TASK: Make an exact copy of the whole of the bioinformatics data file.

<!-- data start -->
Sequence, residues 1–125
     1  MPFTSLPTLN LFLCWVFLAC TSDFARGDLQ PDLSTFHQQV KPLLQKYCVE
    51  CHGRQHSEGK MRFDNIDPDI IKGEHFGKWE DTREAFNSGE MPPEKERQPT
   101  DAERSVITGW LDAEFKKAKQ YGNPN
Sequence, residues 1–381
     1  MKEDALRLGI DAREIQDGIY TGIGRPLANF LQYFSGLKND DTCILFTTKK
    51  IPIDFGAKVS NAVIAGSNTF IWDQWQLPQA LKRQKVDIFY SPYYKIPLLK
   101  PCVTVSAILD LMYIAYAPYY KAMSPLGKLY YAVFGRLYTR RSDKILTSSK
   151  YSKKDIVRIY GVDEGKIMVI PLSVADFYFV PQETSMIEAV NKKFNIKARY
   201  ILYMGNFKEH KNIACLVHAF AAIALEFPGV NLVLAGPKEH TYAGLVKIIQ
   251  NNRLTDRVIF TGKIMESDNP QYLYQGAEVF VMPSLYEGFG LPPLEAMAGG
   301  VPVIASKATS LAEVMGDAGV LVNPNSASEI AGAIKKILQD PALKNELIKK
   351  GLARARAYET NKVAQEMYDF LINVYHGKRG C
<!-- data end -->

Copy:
Sequence, residues 1–125
     1  MPFTSLPTLN LFLCWVFLAC TSDFARGDLQ PDLSTFHQQV KPLLQKYCVE
    51  CHGRQHSEGK MRFDNIDPDI IKGEHFGKWE DTREAFNSGE MPPEKERQPT
   101  DAERSVITGW LDAEFKKAKQ YGNPN
Sequence, residues 1–381
     1  MKEDALRLGI DAREIQDGIY TGIGRPLANF LQYFSGLKND DTCILFTTKK
    51  IPIDFGAKVS NAVIAGSNTF IWDQWQLPQA LKRQKVDIFY SPYYKIPLLK
   101  PCVTVSAILD LMYIAYAPYY KAMSPLGKLY YAVFGRLYTR RSDKILTSSK
   151  YSKKDIVRIY GVDEGKIMVI PLSVADFYFV PQETSMIEAV NKKFNIKARY
   201  ILYMGNFKEH KNIACLVHAF AAIALEFPGV NLVLAGPKEH TYAGLVKIIQ
   251  NNRLTDRVIF TGKIMESDNP QYLYQGAEVF VMPSLYEGFG LPPLEAMAGG
   301  VPVIASKATS LAEVMGDAGV LVNPNSASEI AGAIKKILQD PALKNELIKK
   351  GLARARAYET NKVAQEMYDF LINVYHGKRG C